9 Issue of July 10, 1970 K. Uyeda and X. Kurooka and the result indicates that K, for ATP is at least 3 times lower than the other nucleotides examined. It is of interest to see what effect these nucleotides may have on the kinetics with respect to fructose-6-p. The result of this experiment is shown in Fig. 13 and indicates that UTP and CTP exhibit an effect similar to ATP, resulting in the sigmoidal curves for fructose-6-p. The effect, however, seems to be much less with GTP or ITP. Moreover, vmsx is at least 2.5 times higher with GTP or ITP as a substrate than ATP, UTP, or CTP. Effect of Cations-Phosphofructokinases from various sources show varying effects with different cations. Clostridial phosphofructokinase shows absolute dependence on NH,+. When the rate of the reaction is determined in the presence of varying concentrations of NH&I at several fixed concentrations of ATP-Mg++ (0.04 mu, 0.1 mm, 0.4 mu, and 1 MM), the corresponding Lineweaver-Burk plot of the results, as depicted in Fig. 14, shows a common intercept on the X-axis. The K, for NH4+ at 1 mu ATP was estimated as 1.8 x 10-d M. Under the same conditions, K, for K+ is approximately 2 x lo-+ M. Kf causes inhibition at higher concentration; 0.1 M and 0.2 M KC1 inhibits the phosphofructokinase 15% and 50%, respectively. Na+ neither activates nor inhibits the clostridial phosphofructokinase. Effect of Mg+f on the initial velocity of the reaction shows no cooperativity, and the metal ion probably participates only in chelation with ATP, which is perhaps the true substrate for the enzyme. E$ect of Other Compound-A possible stimulation or inhibition of clostridial phosphofructokinase activity by the following compounds was investigated: AMP, cyclic AMP, fructose 1,6- diphosphate, coenzyme A, pyruvate, glucose, P-enolpyruvate, citrate, IMP, glucose-6-p, and phosphate. Among these compounds, only AMP (5 mu) and cyclic AMP (5 InM) stimulated the enzymic activity about 30%. Fructose-l, 6-di-P at 1 and 5 mu did not affect the activity, but at 10 mm it inhibited about 20%. Thus, the effect of these compounds is small, and the concentration of the compounds required to influence the activity is so high that the effect probably has little physiological significa.nce. All the other compounds tested at 1 to 10 mm neither stimulate nor inhibit the enzyme under these conditions. DISCUSSION Phosphofructokinases from rabbit skeletal muscle (21, 26), heart muscle (5), and yeast (7) have been obtained in pure form. The skeletal and heart muscle enzymes (22, 27) have been crystallized, but only in the presence of ATP. So far, phosphofructokinase from C. pasteuriunum is the only phosphofructokinase which has been crystallized in the absence of the nucleotide. The specific activity of crystalline clostridial phosphofructokinase, 160, is comparable to those of muscle, 160 (22); heart, 125 (27); E. coli, 190 (9); and yeast, 116 (7). Studies on physico-chemical properties of clostridial phosphofructokinase revealed considerable difference from those of mammalian phosphofructokinase. For example, this clostridial phosphofructokinase does not show any concentration-dependent aggregation or disaggregation phenomenon. The molecular weight of the enzyme is about 144,000 at a protein concentration of between 10 pg and 5 mg as determined by sedimentation equilibrium, sedimentation velocity, and sucrose density gradient centrifugation. It has also been demonstrated by Parmeggiani et al. (22) that the muscle phosphofructokinase is dissociated in the presence of ATP. Such a dissociation phenomenon has not been observed with clostridial phosphofructokinase in the presence of ATP, fructose-6-p, ITP, or ADP. Phosphofructokinase exhibits complex allosteric properties. The degree of the complexity, however, depends on the source of the enzyme. For instance, mammalian phosphofructokinases are inhibited by ATP and citrate, and this inhibition is counteracted by cyclic AMP, AMP, ADP, phosphate, fructose-6-p, and fructose-l, 6-di-P. Yeast or insect phosphofructokinases are not inhibited by citrate, and only AMP and phosphate are effective in releasing ATP inhibition. ATP does not inhibit E. coli, D. discoideum, or A. crystallopoietes phosphofructokinase. The latter two enzymes seem to lack any of the allosteric properties described above. Our present investigation shows that clostridial phosphofructokinase is inhibited only 20% by high concentration (5 mu) of ATP. It appears, therefore, that the ATP inhibition of phosphofructokinase is probably not important in the regulation of glycolysis in C. pasteuriunum. Perhaps more significant in regulation is the observation that the activity of clostridial phosphofructokinase is affected by the concentration of fructose-6-p and the relative concentration of ATP to ADP. The latter shows strong activation. No other compounds so far tested have any effect on the activity of clostridial enzyme, including P-enolpyruvate, which has been shown to be an inhibitor of muscle (12) and E. coli (10) phosphofructokinases. Thus, the C. paste&unum phosphofructokinase exhibits perhaps the simplest regulatory mechanism among allosteric phosphofructokinases. A significant difference between the clostridial and muscle phosphofructokinase is the effect of ATP upon the affinity for fructose-6-p. Mammalian phosphofructokinase is inhibited strongly by high concentration of ATP. This inhibition can be attributed to the decreased affinity of the enzyme for fructose- 6-P, as shown by the sigmoidal nature of the initial velocity curve. At lower concentrations of ATP, however, the kinetic pattern is normal. In contrast, clostrid.al phosphofructokinase exhibits a sigmoidal curve with respect to fructose-6-p at all concentrations of ATP. CTP and UTP exhibit the same effect as ATP. GTP and ITP, however, show a strikingly different effect from the other nucleoside triphosphates, in that they not only decrease the K, from fructose-6-p but also increase the V max about 2 times. To our knowledge, no studies have yet been reported on the effect of different nucleoside triphosphates on the kinetics with respect to fructose-6-p by bacterial enzymes. ADP exhibit an interesting allosteric effect with respect to fructose-g-p, as shown in Fig. 12. An increasing concentration of ADP decreases the K, of fructose-6-p and also lowers the Hill coefficient for fructose-6-p from 4 to 1.7. A similar effect of ADP upon E. coli phosphofructokinase has been observed by Atkinson and Walton (28) and Blangy, But, and Monod (10). For the simplest interpretation of the results reported here, the following model can be suggested, based on the model of concerted transition theory proposed by Blangy et cd. (10). (a) The enzyme consists of 4 identical protomers, each protomer containing a binding site for each substrate. (6) The enzyme exists in at least 2 conformational states, which have different affinities for fructose-6-p. Assuming the enzyme follows compulsory order of addition, with ATP binding first followed by fructose-g-p, the enzyme-atp complex has low affinity for fructose-6-p. On the other hand, the enzyme complex with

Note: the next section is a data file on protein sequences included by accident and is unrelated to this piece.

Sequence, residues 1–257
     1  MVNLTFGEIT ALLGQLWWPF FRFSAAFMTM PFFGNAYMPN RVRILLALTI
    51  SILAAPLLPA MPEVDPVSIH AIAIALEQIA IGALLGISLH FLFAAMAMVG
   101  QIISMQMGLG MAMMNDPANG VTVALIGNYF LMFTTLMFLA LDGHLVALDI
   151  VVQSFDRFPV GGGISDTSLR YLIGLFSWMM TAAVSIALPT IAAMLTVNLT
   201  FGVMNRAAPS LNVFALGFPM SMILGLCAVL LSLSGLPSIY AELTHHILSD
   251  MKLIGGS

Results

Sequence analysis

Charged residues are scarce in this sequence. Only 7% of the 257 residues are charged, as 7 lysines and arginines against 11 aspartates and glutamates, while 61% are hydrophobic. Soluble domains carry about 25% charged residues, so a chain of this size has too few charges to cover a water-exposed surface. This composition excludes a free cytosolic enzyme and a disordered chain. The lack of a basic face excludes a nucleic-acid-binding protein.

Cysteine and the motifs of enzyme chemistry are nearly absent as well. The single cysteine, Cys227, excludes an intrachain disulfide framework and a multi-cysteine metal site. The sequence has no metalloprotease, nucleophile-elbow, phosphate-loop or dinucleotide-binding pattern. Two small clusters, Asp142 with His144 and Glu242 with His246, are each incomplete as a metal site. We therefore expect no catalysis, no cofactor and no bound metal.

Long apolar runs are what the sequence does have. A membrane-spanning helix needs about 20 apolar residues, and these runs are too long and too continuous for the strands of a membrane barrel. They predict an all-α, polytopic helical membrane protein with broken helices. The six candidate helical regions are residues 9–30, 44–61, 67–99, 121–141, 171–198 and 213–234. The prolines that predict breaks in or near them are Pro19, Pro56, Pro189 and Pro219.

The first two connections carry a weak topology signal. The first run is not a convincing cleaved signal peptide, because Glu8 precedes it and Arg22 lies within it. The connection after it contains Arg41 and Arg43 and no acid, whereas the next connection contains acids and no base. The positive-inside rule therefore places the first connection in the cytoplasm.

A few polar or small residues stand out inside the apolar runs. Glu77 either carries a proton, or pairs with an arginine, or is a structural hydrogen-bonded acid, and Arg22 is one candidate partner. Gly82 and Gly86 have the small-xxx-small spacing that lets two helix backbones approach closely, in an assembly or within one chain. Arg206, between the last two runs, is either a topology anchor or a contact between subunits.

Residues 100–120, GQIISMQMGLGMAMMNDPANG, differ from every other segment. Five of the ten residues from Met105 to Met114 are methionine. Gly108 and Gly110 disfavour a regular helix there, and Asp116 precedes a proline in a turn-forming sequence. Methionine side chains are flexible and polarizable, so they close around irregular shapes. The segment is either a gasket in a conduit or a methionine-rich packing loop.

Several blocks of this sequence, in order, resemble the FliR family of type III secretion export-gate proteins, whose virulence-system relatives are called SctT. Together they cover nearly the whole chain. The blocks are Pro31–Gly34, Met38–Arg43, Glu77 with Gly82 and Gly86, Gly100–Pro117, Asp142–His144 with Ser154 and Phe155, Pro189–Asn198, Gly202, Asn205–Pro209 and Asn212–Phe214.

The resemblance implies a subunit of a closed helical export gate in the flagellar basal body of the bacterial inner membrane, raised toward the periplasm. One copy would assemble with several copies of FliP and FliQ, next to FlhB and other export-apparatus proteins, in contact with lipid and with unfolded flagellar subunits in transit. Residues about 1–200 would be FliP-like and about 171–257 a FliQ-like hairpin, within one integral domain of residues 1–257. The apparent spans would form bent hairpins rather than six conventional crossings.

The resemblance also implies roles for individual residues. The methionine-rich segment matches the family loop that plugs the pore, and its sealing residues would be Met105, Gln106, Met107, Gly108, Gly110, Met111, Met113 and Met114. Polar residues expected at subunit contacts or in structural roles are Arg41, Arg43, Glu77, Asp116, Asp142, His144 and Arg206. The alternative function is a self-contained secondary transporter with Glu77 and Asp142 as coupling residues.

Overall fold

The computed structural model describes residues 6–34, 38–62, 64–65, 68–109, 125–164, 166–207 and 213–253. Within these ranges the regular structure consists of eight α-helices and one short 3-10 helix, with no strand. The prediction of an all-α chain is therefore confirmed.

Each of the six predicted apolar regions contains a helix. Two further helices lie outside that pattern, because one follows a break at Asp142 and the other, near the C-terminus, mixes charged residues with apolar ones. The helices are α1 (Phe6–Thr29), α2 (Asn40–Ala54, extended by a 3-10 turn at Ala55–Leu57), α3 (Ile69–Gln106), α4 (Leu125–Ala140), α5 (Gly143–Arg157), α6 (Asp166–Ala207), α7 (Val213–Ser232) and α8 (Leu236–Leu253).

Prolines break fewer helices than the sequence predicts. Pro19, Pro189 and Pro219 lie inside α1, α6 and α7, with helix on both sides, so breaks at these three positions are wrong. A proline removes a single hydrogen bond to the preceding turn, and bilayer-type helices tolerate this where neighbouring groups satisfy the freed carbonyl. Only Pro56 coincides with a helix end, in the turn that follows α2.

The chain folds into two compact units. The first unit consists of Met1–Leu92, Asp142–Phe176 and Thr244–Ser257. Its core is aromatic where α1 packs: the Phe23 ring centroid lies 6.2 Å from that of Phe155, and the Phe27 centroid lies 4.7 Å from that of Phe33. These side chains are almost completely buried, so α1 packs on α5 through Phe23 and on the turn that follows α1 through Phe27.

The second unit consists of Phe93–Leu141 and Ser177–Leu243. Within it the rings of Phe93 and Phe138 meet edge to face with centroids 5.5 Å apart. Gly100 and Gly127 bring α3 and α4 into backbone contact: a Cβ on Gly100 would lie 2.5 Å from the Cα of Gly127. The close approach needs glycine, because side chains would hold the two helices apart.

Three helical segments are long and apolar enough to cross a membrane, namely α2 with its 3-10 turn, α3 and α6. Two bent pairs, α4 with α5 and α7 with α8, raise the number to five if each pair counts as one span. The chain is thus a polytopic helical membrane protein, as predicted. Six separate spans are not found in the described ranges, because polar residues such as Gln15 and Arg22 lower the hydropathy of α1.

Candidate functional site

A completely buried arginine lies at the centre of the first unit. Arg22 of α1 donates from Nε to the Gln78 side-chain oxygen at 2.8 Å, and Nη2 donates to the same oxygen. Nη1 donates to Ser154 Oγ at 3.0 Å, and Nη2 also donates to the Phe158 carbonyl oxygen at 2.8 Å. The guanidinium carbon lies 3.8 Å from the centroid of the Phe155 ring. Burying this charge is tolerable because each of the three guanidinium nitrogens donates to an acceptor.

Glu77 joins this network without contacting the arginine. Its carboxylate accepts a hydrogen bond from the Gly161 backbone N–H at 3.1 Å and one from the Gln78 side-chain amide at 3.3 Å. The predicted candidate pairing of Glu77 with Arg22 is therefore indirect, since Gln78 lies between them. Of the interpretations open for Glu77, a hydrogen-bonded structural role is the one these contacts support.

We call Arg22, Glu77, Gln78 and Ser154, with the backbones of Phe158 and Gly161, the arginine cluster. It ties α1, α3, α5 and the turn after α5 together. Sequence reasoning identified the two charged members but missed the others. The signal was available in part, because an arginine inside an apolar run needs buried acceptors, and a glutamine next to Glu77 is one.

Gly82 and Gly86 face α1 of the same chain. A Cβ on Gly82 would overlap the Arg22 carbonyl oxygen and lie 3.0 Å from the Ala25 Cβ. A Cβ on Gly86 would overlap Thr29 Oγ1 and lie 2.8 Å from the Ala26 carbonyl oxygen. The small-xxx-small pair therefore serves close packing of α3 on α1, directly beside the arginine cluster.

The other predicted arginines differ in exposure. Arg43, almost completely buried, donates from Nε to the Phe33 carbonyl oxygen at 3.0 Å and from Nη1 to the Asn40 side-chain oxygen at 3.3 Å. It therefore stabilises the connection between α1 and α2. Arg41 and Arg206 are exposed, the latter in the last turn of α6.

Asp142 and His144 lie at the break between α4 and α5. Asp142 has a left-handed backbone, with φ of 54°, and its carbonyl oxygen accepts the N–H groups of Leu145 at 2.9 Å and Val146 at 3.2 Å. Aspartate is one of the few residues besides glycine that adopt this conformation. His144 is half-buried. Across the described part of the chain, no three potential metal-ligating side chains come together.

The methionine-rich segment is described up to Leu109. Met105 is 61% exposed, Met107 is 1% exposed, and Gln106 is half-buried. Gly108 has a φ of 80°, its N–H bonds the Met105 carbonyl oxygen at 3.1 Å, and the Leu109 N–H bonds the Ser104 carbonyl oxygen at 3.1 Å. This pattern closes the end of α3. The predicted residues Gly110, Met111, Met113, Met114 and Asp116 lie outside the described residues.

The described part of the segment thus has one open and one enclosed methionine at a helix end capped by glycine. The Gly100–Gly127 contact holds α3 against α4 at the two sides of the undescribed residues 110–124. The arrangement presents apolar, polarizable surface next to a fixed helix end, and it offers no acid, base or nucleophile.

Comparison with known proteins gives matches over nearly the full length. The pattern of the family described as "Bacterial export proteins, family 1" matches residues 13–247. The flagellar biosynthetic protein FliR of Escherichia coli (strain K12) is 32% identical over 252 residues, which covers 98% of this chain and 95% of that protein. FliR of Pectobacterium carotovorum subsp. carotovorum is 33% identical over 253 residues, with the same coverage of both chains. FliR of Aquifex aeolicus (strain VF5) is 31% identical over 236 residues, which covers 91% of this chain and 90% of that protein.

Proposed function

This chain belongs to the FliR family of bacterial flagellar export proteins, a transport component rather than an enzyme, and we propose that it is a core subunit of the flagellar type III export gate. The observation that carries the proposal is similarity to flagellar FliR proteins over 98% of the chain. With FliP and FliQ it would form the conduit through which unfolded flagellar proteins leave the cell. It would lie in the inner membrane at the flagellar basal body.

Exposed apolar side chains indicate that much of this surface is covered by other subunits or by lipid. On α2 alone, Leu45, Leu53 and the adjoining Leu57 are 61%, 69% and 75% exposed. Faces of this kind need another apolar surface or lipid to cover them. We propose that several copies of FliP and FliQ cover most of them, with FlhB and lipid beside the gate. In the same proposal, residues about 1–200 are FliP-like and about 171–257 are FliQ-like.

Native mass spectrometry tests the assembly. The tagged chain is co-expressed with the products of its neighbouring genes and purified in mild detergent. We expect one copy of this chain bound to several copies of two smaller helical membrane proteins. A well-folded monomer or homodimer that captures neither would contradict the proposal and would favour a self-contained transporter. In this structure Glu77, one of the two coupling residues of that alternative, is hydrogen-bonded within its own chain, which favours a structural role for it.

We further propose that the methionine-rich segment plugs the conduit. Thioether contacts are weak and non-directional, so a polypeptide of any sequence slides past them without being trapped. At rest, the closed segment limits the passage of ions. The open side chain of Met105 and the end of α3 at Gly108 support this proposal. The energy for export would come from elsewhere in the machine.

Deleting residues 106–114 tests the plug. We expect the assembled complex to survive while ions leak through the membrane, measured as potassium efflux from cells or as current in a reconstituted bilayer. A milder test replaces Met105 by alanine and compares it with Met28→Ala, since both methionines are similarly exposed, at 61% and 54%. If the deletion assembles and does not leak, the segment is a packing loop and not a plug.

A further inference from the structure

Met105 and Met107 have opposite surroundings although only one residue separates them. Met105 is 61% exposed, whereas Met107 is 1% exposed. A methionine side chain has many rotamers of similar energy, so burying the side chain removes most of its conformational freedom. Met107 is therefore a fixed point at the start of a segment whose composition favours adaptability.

10 3324 Clostridial Phosphofructokinase Vol. 245, No. 13 GTP or ITP shows high affinity for fructose-6-p. (c) ADP 5. WALKER, P. R., AND BAILEY, E., Biochem. J., 111, 365 (1969). causes the transition of the conformation from low to high 6. BETZ, A., AND MOORE, C., Arch. Biochem. Biophys., 120, 268 (1967). affinity states. This model accounts qualitatively for the 7. LINDELL, T. J., AND STELLWAGON, E., J. Biol. Chem., 243, results presented here. It is difficult, however, to give any 907 (1968). quantitative estimate of rate and thermodynamic parameters 8. BAUM~NN, P., AND WRIGHT, B. E., Biochemistry, 7,3653 (1968). for the various interactions between the substrates. Neither 9. GRIFFIN, C. C., Houcx, B. N., AND BRAND, L., Biochem. Biois it possible to decide whether the transition between these phys. Res. Commun., 27, 287 (1967). 10. BLANGY, D., But, H., AND MONOD, J., J. Mol. Biol., 31, 13 conformational states is concerted (29) or sequential (30). (1968). The sigmoidal kinetics observed for fructose-6-p with mam- 11. FERDINANDUS, J., AND CLARK, J. B., Biochem. J., 113, 735 malian phosphofructokinase occurs only below ph 7.5; above 8 (1969). the enzyme exhibits Michaelis-Menten kinetics. In contrast, 12. UYEDA, K., AND RACICER, E., J. Biol. Chem., 240, 4682 (1965). 13. YPHANTIS, D. A., Biochemistry, 3, 297 (1964). clostridial phosphofructokinase shows the sigmoidal kinetics 14. MARTIN, R. G., AND AMES, B. N., J. Biol. Chem., 236, 1372 with respect to fructose-6-p at ph values of 6, 7, and 8.1. (1961). The effect of the concentration of fructose-6-p on the initial 15. DAVIES, E. J., Ann. N. Y. Acad. Sci., 121,404 (1964). velocity of the reaction with respect to ATP varied such that a 16. MOORE, S., J. Biol. Chem., 238, 235 (1963). family of parallel lines were obtained. The effect of ATP 17. BENCZE, W. L., AND SCHMID, K., Anal. Chem., 29, 1193 (1957). 18. UYEDA, K., Biochemistry, 8, 2366 (1969). on the initial rate of the reaction with fructose-6-p did not yield lo LY. CHERNOFF, A. J., AND LIU, J C., Blood J. Hematol., 17, 54 straight lines, but rather curved lines which are concave upward. (1961). Similar kinetics yielding a series of parallel lines has been ob- 20. RABINOWITZ, J. C., AND PRICER, W. E., JR., J. Biol. Chem., tained with muscle (31, 32), yeast (33), and D. discoideum (8). 237, 2898 (1962). 21. LOVENBERG, W., BUCHANAN, B. B., AND RABINOWITZ, J. C., This type of pattern has been called ping-pang kinetics (34) ; J. Biol. Chem., 238, 3899 (1963). it is consistent with the reaction mechanism in which the first 22. PARMEGGIANI, A:, LUFT, J. H., LOVE, D. S., AND KREBS, E. G., product dissociates from the enzyme before the second substrate J. Biol. Chem (1966). binds, and may suggest a formation of phosphoryl enzyme as an 23. MOORE, S., SPA&MA;, D. H:, AN; STEIN, W. H., Anal. Chem., intermediate. Phosphofructokinases from muscle (12) and D. discoideum (8) have been shown to be stimulated by NH,+ but the physiological significance of the stimulation is completely unknown. Clostridial phosphofructokinase is absolutely dependent on NH4+ for its activity and shows low K, for the cation. It is tempting to suggest that, in an organism such as C. pasteurianum which fixes Nz, NH4+ stimulation of phosphofructokinase may be of some physiological significance. For example, it may act as a feed-forward effector (35) which increases the rate of ATP synthesis, which is essential for NP fixation, by stimulation of glycolysis through activation of phosphofructokinase. REFERENCES 1. STADTMAN, E. R., Advan. Enzymol., 28,41 (1966). 2. ATKINSON. D. E.. Annu. Rev. Biochem., 36, 85 (1966) DENNIS, D. T., AAD COULTATE, T. P., &o&m. Biop hys. Ada, , 129 (1967). 4. KELLEY, G. J., AND TURNER, J. F., Biochem. Biophys. RES. 34. Commun., 30, 195 (1968) , 1185 (1958). SCHACI-IMAN, H. K., in S. P. COLOWICK AND N. 0. KAPLAN (Editors), Methods in enzymology, VoZ. IV, Academic Press, New York, 1957, p. 70. SIA, C. L., AND HORECKER, B. L., Biochim. Biophys. Res. Commun., 31, 731 (1968). LING, K.-H., MARCUS, F., AND LARDY, H. A., J. Biol. Chem., 240, 1893 (1965). MANSOUR, T. E., WAKID, N., AND SPROUSE, H. M., J. Biol. Chem., 241, 1512 (1966). ATKINSON, D. E., AND WALTON, G. M., J. Biol. Chem., 240, 757 (1965). MONOD, J., WYMAN, J., AND CHANGEUX, J. P., J. Mol. Biol., 12, 88 (1965). KOSHLAND, D. E., NEMETHY, G., AND FILMER, D., Biochemistry, 6, 365 (1965). LAYZER, R. B., ROWLAND, L. P., AND BANK, W. J., J. Biol. Chem., 244, 3823 (1969). UYEDA, K., J. Biol. Chem., 246, 2268 (1970). VINUELA, E., SALAS, M. L., AND SOLS, A., Biochem. Biophys. Res. Commun., 12, 140 (1963). CLELAND, W. W., Biochim. Biophys. Acta, 67, 104 (1963). HESS, B., Biochem. Biophys. Res. Commun., 24, 824 (1966).